The action starts and it will mesmerise you the reader the way it did me.

Kelsea is a brilliant character. She is straightforward, decisive, tough, human and aware of her destiny and what she must do. As she and her Guard travel though The Tearling she sees the enormity of the task ahead of her but first she must assert herself as Queen and prove her worth to the Guard and to the people.

One of the central themes of this novel is leadership. What does it take to get people to follow you and attract loyalty. Other themes are the gap between rich and poor, corruption, the place of the church and religion and the deviance of human behaviour.

Kelsea and her main man Mace plus a host of astonishingly real characters drive you through this outstanding novel which at times will shock and horrify the reader. But you are on Kelsea’s side all the way.

Senior secondary and young adult. I can’t wait to read the next one.

Machine Wars by Michael Pryor

April 17, 2014 Comments off

Machine warsMachine Wars by Michael Pryor. Pub. Random House, 2014.

An excellent easy to read futuristic fantasy for intermediate and junior high school students from a writer that I have just caught up with.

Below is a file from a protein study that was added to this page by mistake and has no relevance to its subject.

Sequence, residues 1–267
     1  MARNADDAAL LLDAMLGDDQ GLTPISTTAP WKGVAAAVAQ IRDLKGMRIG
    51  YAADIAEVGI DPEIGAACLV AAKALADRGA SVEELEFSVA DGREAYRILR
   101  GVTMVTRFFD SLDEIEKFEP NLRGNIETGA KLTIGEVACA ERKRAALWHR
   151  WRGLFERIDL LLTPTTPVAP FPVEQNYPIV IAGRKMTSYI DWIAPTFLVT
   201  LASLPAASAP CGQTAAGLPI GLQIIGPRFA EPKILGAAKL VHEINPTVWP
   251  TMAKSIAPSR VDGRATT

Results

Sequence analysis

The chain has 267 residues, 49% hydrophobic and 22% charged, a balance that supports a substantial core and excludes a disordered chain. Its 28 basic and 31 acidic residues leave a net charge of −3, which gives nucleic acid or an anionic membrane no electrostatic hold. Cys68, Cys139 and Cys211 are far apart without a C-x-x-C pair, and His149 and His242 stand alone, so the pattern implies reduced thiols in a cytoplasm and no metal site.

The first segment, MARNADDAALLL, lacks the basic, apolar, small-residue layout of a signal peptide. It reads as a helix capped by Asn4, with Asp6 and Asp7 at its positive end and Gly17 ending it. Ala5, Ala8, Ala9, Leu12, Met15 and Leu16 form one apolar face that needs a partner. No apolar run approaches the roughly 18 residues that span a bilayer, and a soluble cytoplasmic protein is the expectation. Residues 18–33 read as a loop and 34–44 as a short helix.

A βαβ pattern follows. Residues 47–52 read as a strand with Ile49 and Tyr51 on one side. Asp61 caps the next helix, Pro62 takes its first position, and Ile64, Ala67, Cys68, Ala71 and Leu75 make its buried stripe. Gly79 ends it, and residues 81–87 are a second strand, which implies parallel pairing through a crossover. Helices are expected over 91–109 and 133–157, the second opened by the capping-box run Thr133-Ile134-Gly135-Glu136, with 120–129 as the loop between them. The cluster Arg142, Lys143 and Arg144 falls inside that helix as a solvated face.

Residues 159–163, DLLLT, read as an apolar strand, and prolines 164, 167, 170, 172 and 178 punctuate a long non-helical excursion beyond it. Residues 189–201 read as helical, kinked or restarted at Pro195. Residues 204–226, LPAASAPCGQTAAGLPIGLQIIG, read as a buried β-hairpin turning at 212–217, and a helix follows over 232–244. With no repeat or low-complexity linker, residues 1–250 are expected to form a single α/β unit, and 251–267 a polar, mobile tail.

Can you imagine what it would be like if Artificial Intelligence machines took over the Internet and controlled the World. Not in the manner of The Terminator but by using any householod machine that has a chip to help it operate. Yes your fridge, your kettle your photocopier anything could become your enemy.

Teenager Bram’s mum is a brilliant scientist working with AI. A rogue AI called Ahriman escapes into the Internet and causes a computer and robot rebellion. Ahriman and whoever or whatever controls him/she/it has death squads operating and has control of many City Authorities.

Bram’s mum foresaw that this might happen and Bram and his family practiced emergency procedures to counter a rogue AI. Bram goes home to find his house explode in front him and learns that the police and a host of Killbots are after him. He goes to an emergency cache to find money and a highly developed robo AI hidden in a familiar childhood cuddly duck. He becomes RoboDuck.

While on the run Bram meets a school friend 14 year old Stella and with RoboDuck they go on the run and try to fight the evilf Ahriman and his robot army. Nothing is safe and they have to avoid anything connected to the Internet like cell phones and CCTV cameras.  They are doing well until drones take over. Read it and find out what happens.

Humerous and technically believable. You will have fun with this novel.